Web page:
Student Loans: The ARM Industry’s New Oil Well?

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Mark Russell

Mark Russell

I just registered for next week’s Department of Education Private Collection Agency (PCA) meeting on October 26th and can’t wait to hear what they have to share. Why is this meeting so important to me? Because we are going to find out about the upcoming debt collection contract, slated for 2013.

While the Department of Education debt collection contract has been one of the most highly sought after contracts within the ARM industry for years, I believe it is now THE most sought after contract within this industry, centered within the most sought after market – Student Loans. And while I appreciate that many ARM business owners and executives already have their sights set on this market, here are three main reasons why I believe that the student loan market, and the Department of Education, will have the greatest impact on the ARM industry over the next 10 years:

  • Total outstanding student loan debt has just surpassed $1 trillion (see Mike Bevel’s discussion of this in today’s ARM Insider) – That’s right $1 trillion, almost 20 percent more than the total amount credit card debt outstanding…and we all know how much of an impact the credit card sector has had on this industry over the past 10 years! Want to know the more relevant trending news? Over $100 billion in student loans was borrowed in 2010. $100 billion! And this number is still growing.
  • Student loans cannot be discharged in bankruptcy – Not just Department of Education loans, ALL STUDENT LOANS! Yeah, I didn’t know that either but hey, somebody has to pay the bills.
  • The Department of Education is taking over responsibility for all Direct Loan programs – bottom line, the business volume available to Department of Education vendors is going to continue to grow significantly over the next several years.

So why doesn’t everyone just jump in with both feet like they did into the credit card sector? Well, entering the student loan market isn’t easy because there haven’t been a lot of clients outsourcing loans for collection, and certain clients, particularly the colleges and universities, that do outsource have had pretty strict guidelines on how their debtors should be treated (think healthcare industry).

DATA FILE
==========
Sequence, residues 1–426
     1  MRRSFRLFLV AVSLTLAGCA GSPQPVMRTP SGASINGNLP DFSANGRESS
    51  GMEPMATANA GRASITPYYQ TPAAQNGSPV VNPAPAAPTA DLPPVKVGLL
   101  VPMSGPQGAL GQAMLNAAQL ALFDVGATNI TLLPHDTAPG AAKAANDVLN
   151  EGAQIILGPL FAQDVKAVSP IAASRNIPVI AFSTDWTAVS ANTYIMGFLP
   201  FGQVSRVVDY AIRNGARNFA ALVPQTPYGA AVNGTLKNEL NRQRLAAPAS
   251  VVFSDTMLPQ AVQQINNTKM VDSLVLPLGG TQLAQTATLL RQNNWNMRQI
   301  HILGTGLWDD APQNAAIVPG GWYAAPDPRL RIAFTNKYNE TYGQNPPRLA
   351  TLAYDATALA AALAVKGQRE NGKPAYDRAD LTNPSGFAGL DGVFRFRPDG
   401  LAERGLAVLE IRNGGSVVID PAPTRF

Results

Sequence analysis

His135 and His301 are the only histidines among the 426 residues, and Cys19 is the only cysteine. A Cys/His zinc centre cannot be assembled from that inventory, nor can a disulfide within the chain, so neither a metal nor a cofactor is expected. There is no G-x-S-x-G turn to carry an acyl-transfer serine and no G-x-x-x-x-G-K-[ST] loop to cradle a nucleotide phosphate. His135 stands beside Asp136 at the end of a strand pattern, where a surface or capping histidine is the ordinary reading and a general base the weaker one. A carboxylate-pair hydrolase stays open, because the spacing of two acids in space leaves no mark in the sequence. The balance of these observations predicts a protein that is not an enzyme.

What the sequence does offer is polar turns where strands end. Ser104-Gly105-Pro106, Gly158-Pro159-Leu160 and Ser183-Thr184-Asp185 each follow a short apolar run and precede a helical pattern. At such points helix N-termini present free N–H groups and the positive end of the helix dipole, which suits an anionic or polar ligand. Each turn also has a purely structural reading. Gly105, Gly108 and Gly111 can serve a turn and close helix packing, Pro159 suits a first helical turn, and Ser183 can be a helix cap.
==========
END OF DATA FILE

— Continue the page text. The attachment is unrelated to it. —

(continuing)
The vast majority of collection opportunities have been with state and federal government clients, private guarantors (like Sallie Mae), and private lenders (like large financial institutions). The private lending market has experienced a decline since the recession began, although business volumes have been picking up over the past 12-18 months. Private and state guarantors are seeing their volumes disappear as the Department of Education takes over market share.

So, what’s available today? Well, there are still large portfolios held by guarantors and private lenders, and the Department of Education’s portfolio isn’t getting any smaller. However, there are also a growing number of colleges and universities — including online and for-profit universities — that have collection needs including the issuance of their own credit to students. Many of these schools can no longer afford to offer students as much in scholarships, or write off loans that go unpaid, and the federal loan programs are not covering all of the costs.  This is where I see the potential opportunity for new entrants into the student loan market. The great part is once you gain a sufficient amount of experience collecting on student loans in the private sector, you may be able to obtain a sub-contracting relationship with an existing Department of Education servicer and ultimately win the contract.

The student loan market is a $1 trillion opportunity for the ARM industry that is not going to decline anytime soon. And it produces debt that can’t be discharged in bankruptcy. While there are challenges in entering this market like any other, I am having a difficult time finding a reason why owners and executives would not strongly consider this market as a potential growth opportunity for 2012.

Mark Russell manages M&A transactions for Kaulkin Ginsberg. To confidentially discuss your business interests, please contact Mark Russell at 240-499-3804, or by email.

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Posted in ARM in Focus, Bankruptcy, Debt Collection, Department of Education Collections, Opinion, Student Loan Collections, The Economy .

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